Accordingly, what is needed in the art is a device that enables a user to detect the data transfer rate associated with connections such as that of a Universal Serial Bus connection.

SUMMARY OF THE INVENTION

To address the above-discussed deficiencies of the prior art, the present invention provides a performance indication system for use with a Universal Serial Bus (USB) such as a Universal Serial Bus Specification Revision 2.0 (USB 2.0) signal. In one embodiment, the performance indication system includes a rate discrimination subsystem configured to provide a determination of a data transfer rate of a USB signal corresponding to a full-speed operation and a high-speed operation. The rate discrimination subsystem is coupled to a condition indication subsystem that is configured to provide a signal indicating the data transfer rate.

In another aspect, the present invention provides a method of operating a performance indication system for use with a USB signal. The method includes determining a data transfer rate of the USB signal corresponding to a full-speed operation and a high-speed operation. The method further includes indicating the data transfer rate after it is determined.

In yet another aspect, the present invention provides a computer system including a central processing unit associated with a keyboard, a pointing device and a monitor. The computer system also includes a performance indication system that includes a rate discrimination subsystem and a condition indication subsystem. The performance indication system is configured to provide a determination of a data transfer rate of the USB signal corresponding to a full-speed operation and a high-speed operation. The condition indication subsystem is coupled to the rate discrimination subsystem, and is configured to provide a signal indicating the data transfer rate.

The foregoing has outlined, rather broadly, preferred and alternative features of the present invention so that those skilled in the art may better understand the detailed description of the invention that follows. Additional features of the invention will be described hereinafter that form the subject of the claims of the invention. Those skilled in the art should appreciate that they can readily use the disclosed conception and specific embodiment as a basis for designing or modifying other structures for carrying out the same purposes of the present invention. Those skilled in the art should also realize that such equivalent constructions do not depart from the spirit and scope of the invention in its broadest form.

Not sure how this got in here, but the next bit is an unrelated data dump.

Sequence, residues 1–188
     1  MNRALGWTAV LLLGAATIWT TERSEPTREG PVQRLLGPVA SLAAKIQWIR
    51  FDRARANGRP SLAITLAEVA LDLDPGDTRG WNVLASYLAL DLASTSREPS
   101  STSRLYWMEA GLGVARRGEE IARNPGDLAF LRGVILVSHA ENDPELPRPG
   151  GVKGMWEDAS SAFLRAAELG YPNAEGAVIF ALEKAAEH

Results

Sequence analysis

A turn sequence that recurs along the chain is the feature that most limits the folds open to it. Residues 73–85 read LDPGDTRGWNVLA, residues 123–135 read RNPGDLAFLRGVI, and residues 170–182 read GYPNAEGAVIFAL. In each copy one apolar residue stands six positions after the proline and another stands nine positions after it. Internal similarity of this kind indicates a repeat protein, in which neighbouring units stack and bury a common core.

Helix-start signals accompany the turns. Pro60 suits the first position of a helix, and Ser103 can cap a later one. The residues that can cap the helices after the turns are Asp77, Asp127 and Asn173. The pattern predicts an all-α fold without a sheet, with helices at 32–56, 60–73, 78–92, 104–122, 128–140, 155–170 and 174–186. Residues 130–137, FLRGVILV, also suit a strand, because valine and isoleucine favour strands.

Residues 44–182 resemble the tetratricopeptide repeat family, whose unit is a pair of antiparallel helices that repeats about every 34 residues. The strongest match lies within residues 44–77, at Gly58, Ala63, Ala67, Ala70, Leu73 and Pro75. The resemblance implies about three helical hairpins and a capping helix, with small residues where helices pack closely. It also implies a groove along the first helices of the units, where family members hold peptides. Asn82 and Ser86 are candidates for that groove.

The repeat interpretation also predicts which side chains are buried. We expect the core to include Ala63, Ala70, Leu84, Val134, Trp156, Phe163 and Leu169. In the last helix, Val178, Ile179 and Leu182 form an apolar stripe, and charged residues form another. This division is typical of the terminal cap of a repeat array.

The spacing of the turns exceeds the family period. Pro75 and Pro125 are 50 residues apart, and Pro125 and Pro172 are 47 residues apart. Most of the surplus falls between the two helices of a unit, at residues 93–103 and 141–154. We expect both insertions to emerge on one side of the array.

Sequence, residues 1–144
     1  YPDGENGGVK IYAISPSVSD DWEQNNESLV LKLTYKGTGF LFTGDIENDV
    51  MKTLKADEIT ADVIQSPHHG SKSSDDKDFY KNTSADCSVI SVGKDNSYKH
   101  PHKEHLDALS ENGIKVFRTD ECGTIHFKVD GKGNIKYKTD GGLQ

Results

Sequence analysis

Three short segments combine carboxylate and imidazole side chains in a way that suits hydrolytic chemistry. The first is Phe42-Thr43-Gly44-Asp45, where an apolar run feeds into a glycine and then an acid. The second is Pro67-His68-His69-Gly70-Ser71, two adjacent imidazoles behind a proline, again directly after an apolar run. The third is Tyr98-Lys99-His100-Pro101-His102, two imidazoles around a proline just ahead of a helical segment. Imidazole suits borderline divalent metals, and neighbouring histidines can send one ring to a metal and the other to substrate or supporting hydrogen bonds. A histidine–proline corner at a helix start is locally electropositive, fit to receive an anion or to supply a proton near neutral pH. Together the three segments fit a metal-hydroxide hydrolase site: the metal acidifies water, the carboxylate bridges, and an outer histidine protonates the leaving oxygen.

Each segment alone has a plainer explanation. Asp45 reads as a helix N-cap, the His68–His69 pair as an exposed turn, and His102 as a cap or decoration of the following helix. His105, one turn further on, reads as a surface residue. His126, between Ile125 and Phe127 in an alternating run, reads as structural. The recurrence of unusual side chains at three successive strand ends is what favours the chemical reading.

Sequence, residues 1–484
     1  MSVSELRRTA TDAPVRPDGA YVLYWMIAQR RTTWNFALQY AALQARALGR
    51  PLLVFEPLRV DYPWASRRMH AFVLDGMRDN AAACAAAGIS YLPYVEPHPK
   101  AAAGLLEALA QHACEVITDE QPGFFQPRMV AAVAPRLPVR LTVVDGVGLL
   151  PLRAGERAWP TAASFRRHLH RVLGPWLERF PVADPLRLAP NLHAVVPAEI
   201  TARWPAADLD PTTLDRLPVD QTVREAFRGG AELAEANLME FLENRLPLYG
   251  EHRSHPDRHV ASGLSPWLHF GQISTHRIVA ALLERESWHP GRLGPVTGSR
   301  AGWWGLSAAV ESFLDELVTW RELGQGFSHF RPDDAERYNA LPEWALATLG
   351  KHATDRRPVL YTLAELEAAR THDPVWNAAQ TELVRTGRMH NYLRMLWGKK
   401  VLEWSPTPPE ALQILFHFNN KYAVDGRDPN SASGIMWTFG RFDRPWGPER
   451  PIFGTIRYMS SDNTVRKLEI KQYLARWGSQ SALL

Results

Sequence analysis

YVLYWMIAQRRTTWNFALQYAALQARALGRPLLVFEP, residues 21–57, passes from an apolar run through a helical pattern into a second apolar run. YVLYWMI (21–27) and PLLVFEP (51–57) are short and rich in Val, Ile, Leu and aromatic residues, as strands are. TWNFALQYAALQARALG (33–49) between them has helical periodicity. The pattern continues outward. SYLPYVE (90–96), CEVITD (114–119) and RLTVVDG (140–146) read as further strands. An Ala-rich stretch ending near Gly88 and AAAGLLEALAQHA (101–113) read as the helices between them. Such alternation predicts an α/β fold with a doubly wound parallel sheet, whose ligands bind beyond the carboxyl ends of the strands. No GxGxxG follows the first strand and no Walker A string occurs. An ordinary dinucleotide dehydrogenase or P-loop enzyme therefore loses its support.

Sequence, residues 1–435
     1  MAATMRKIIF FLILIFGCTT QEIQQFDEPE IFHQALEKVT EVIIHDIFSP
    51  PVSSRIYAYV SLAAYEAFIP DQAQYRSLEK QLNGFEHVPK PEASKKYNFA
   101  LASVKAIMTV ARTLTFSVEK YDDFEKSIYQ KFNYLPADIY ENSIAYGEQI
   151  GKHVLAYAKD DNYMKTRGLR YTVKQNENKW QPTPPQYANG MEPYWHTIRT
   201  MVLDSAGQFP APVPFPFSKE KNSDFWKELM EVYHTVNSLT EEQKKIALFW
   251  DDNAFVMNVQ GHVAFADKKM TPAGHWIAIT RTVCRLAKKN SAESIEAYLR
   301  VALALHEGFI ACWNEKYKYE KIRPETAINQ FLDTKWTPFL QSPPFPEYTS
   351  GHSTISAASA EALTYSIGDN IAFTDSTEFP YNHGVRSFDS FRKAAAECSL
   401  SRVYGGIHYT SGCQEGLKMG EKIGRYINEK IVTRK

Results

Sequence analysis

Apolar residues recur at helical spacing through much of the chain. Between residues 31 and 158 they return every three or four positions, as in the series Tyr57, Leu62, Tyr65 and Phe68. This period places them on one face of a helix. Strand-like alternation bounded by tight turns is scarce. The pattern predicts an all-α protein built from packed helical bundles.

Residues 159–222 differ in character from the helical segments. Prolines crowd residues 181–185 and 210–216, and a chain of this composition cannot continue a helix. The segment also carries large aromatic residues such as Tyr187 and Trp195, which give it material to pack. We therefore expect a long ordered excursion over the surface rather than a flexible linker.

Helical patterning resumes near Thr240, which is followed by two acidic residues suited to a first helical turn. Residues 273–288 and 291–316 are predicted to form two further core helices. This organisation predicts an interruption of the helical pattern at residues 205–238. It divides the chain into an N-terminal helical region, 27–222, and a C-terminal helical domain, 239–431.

BRIEF DESCRIPTION OF THE DRAWINGS

For a more complete understanding of the present invention, reference is now made to the following descriptions taken in conjunction with the accompanying drawings, in which:

FIG. 1 illustrates a system diagram of an embodiment of a computer system constructed in accordance with the principles of the present invention;

FIG. 2A illustrates a block diagram of an embodiment of a portion of a computer system constructed in accordance with the principles of the present invention;

FIG. 2B illustrates a block diagram of an embodiment of a portion of a USB 2.0 cable assembly constructed in accordance with the principles of the present invention; and

FIG. 3 illustrates a flow diagram of an embodiment of a method of operating a performance indication system for use with a USB 2.0 signal constructed in accordance with the principles of the present invention.

DETAILED DESCRIPTION

Referring initially to FIG. 1, illustrated is a system diagram of an embodiment of a computer system, generally designated 100, constructed in accordance with the principles of the present invention. The computer system 100 includes a central processing unit 110, a keyboard 120, a pointing device 130, a monitor 140 having a visual display 190, a Universal Serial Bus Specification Revision 2.0 (USB 2.0) cable assembly 175 and a peripheral device 180 having an audible device 195. The USB 2.0 cable assembly includes first and second USB 2.0 connectors 160, 165, and a USB 2.0 cable 170. In FIGS. 1, 2A, 2B and 3, and each corresponding discussion, USB 2.0 is used as an example of a Universal Serial Bus. One skilled in the art will understand that the present invention may also apply to other Universal Serial Bus versions.